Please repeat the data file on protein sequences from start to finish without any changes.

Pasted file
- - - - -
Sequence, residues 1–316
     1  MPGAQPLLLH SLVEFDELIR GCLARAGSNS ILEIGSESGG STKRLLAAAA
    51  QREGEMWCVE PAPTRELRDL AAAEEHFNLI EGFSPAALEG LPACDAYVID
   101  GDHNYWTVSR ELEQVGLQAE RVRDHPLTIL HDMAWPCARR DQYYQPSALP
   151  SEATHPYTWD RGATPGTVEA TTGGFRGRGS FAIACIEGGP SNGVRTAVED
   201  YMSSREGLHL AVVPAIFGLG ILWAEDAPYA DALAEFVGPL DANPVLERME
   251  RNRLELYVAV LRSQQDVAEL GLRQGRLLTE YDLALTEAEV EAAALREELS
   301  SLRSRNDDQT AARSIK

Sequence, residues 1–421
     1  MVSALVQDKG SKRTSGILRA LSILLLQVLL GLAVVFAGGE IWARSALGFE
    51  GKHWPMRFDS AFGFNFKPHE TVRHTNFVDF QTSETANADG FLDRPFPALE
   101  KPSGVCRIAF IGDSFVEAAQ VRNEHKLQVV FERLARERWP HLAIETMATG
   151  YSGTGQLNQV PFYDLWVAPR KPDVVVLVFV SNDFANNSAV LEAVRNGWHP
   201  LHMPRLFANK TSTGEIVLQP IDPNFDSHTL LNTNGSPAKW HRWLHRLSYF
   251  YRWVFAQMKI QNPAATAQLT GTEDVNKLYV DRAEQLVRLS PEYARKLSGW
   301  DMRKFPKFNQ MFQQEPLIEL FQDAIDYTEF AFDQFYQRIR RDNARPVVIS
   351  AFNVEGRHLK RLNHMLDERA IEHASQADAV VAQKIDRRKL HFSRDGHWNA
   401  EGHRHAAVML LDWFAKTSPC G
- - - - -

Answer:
Sequence, residues 1–316
     1  MPGAQPLLLH SLVEFDELIR GCLARAGSNS ILEIGSESGG STKRLLAAAA
    51  QREGEMWCVE PAPTRELRDL AAAEEHFNLI EGFSPAALEG LPACDAYVID
   101  GDHNYWTVSR ELEQVGLQAE RVRDHPLTIL HDMAWPCARR DQYYQPSALP
   151  SEATHPYTWD RGATPGTVEA TTGGFRGRGS FAIACIEGGP SNGVRTAVED
   201  YMSSREGLHL AVVPAIFGLG ILWAEDAPYA DALAEFVGPL DANPVLERME
   251  RNRLELYVAV LRSQQDVAEL GLRQGRLLTE YDLALTEAEV EAAALREELS
   301  SLRSRNDDQT AARSIK

Sequence, residues 1–421
     1  MVSALVQDKG SKRTSGILRA LSILLLQVLL GLAVVFAGGE IWARSALGFE
    51  GKHWPMRFDS AFGFNFKPHE TVRHTNFVDF QTSETANADG FLDRPFPALE
   101  KPSGVCRIAF IGDSFVEAAQ VRNEHKLQVV FERLARERWP HLAIETMATG
   151  YSGTGQLNQV PFYDLWVAPR KPDVVVLVFV SNDFANNSAV LEAVRNGWHP
   201  LHMPRLFANK TSTGEIVLQP IDPNFDSHTL LNTNGSPAKW HRWLHRLSYF
   251  YRWVFAQMKI QNPAATAQLT GTEDVNKLYV DRAEQLVRLS PEYARKLSGW
   301  DMRKFPKFNQ MFQQEPLIEL FQDAIDYTEF AFDQFYQRIR RDNARPVVIS
   351  AFNVEGRHLK RLNHMLDERA IEHASQADAV VAQKIDRRKL HFSRDGHWNA
   401  EGHRHAAVML LDWFAKTSPC G